On the Tethering of Hearts and the Changing of Names


Tomorrow, I’ll marry.

I’ll commit to something bigger than myself until the end of myself.

I’ll commit to the loving of another soul, the caring of another heart in this journey of life, to whatever end it may lead for as long as that end approaches.

I’ll commit to a future of struggling, succeeding, and working as a team knowing that we are equal partners in all things.

I’ll commit to being loved, being known, being seen, and the vulnerability of living alongside another soul in sickness and in health, in joys and in grief.

Marriage, fraught with social and religious baggage, is often rightfully perceived as a normatively oppressive construct. This isn’t always the case. For us, the embrace of the ceremonial marker in tandem with the understanding of consensual exclusivity is not being done out of fear or subservience to an unjust ordering of desires.

It’s the next logical step in our journey, the tethering of two hearts and joining of two lives in a mystical and practical fashion.

We become as united as we are separate, committed to the mutuality of matrimony, a glorious subverting of individuality in the interest of an “us”. It’s crazy, it’s counter-intuitive, and it’s good.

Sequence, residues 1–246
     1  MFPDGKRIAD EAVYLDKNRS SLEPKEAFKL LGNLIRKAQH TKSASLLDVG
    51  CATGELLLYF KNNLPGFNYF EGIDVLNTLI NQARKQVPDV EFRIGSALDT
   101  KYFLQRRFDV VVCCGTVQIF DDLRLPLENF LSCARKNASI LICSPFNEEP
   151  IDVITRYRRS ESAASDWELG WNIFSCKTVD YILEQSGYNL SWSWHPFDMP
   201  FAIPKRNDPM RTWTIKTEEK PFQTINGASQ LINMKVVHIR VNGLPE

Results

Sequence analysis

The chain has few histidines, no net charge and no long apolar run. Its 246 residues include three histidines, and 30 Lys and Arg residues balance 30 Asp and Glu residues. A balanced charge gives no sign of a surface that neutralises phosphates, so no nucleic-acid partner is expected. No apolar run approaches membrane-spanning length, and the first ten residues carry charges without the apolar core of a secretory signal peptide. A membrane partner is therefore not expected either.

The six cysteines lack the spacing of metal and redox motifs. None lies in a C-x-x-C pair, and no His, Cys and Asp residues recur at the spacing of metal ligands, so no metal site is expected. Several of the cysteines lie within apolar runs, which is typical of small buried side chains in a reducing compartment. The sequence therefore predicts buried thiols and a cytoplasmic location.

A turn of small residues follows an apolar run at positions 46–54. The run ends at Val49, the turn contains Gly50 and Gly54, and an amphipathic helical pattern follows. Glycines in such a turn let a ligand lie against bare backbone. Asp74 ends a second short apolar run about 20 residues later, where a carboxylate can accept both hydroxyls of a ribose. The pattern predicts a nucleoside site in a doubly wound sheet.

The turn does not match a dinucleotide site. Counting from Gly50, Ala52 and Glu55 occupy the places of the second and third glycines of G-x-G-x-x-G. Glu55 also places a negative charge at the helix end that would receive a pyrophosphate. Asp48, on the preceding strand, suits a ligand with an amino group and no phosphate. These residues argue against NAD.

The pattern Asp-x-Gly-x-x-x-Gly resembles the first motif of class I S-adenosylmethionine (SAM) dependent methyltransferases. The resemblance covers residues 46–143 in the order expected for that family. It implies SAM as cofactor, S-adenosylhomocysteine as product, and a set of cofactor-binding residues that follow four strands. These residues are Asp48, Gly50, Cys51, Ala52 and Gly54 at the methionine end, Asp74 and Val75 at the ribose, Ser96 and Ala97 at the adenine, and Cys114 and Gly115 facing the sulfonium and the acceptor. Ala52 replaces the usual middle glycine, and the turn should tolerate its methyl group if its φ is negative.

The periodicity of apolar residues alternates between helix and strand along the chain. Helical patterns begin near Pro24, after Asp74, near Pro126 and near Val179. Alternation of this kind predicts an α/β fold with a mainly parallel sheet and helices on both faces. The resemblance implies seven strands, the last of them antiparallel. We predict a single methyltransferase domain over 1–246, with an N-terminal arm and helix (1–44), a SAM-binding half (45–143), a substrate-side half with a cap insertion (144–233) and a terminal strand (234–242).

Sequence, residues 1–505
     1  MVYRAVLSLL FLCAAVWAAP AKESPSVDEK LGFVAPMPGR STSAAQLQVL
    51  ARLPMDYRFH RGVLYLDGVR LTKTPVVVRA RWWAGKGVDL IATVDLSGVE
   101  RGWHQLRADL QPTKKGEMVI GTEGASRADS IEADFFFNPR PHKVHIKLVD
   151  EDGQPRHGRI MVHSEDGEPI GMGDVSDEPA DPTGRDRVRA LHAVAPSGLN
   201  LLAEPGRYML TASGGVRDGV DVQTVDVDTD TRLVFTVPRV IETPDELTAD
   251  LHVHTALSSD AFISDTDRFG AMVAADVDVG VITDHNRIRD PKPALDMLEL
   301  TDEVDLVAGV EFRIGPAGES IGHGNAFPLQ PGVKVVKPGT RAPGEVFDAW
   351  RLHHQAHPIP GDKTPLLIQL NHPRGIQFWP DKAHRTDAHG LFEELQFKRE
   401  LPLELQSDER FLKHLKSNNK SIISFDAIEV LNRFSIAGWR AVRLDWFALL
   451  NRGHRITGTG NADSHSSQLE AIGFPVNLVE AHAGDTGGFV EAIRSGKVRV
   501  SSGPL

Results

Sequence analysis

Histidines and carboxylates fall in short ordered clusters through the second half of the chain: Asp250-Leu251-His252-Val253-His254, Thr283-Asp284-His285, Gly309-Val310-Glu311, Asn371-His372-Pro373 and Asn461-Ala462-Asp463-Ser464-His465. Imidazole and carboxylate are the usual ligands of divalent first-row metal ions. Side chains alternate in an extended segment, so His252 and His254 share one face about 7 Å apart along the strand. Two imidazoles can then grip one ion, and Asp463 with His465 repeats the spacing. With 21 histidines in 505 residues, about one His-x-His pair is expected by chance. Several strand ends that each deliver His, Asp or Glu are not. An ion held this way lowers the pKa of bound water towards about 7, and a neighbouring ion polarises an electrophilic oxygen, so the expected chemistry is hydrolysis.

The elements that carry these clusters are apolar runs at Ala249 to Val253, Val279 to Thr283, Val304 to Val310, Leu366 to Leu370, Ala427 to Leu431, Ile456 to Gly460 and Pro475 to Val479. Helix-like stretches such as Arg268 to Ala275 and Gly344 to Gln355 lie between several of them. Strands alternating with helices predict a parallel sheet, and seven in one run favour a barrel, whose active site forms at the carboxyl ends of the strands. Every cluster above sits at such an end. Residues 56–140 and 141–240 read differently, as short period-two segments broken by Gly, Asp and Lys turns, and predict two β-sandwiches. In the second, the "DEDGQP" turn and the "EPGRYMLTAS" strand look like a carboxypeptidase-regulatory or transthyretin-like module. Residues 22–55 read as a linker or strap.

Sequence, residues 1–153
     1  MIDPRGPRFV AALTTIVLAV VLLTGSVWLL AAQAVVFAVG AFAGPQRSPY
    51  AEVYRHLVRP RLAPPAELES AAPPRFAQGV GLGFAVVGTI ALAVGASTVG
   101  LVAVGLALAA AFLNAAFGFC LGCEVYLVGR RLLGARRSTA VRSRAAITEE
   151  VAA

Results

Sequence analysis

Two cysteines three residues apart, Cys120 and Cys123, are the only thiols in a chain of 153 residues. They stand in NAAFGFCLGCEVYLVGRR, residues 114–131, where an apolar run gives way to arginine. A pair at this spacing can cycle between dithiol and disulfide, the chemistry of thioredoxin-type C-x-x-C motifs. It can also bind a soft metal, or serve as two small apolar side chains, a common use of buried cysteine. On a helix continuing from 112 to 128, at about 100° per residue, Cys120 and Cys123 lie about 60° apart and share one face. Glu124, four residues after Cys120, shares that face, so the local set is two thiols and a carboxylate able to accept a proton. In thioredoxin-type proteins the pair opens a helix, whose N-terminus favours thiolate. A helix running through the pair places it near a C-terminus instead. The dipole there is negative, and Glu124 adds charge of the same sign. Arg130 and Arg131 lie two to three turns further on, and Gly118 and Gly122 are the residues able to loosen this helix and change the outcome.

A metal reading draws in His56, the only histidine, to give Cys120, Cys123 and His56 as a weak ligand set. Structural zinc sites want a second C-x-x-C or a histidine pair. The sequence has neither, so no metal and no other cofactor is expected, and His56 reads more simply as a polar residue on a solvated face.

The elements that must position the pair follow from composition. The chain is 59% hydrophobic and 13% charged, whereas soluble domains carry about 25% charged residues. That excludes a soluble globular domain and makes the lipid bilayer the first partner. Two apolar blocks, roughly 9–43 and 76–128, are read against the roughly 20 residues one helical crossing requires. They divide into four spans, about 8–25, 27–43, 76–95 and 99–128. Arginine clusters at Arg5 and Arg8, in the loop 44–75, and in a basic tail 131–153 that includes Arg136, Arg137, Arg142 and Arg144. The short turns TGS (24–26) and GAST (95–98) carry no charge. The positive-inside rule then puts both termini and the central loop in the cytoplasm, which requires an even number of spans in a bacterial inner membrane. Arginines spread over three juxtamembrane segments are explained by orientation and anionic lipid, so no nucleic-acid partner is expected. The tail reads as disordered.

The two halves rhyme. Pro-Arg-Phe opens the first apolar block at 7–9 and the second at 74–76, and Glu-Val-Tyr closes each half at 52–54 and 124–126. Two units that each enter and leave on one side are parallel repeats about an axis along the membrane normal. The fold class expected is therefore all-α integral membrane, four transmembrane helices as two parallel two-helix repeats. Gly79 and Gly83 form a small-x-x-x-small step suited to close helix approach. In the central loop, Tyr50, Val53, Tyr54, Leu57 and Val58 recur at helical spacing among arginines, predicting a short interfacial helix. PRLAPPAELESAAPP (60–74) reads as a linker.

So very good.

We met as juniors at Jerry Falwell’s Liberty University, cultivating a romance even as we braced against the withering denigration of a homophobic environment. We grew as persons, as a couple, growing still as we step onward and upward into a foggy, bright future.

We’ve made friends along the way who have loved and supported us, affirming our relationship as something good and holy, and we knew this—it was sometimes hard to believe. These relationships still remind us what it means to love effusively, and we who we are in part because they have grounded us.

And to them—to you—we give an emphatic thank you. Thank you for loving us so well.

We’ve made space for one another, charitably granting the right to disagree in good faith, and we’ve been better for it.

We’ve argued, we’ve cried with and for one another, and we’ve laughed more than anyone could hope to laugh. We’ve shared in success and failure, rendering compassion at every juncture. We’ve known one another at the deepest levels, and we’re still learning the unsearchable depths of the human heart, an adventure as fulfilling as it is endless.

We’ve said yes more than we’ve said no, and we’ve been right as often as we’ve been wrong (often struggling to admit the latter).

We’ve loved.

Never perfectly, always authentically.

Tomorrow, nothing ends and nothing begins, yet we evolve: We become Nathanial and Elliot Green, partners in a dangerous and beautiful world, seeing the image and love of God in one another insofar as we see it in ourselves.

We’ll say yes.


Yes and amen.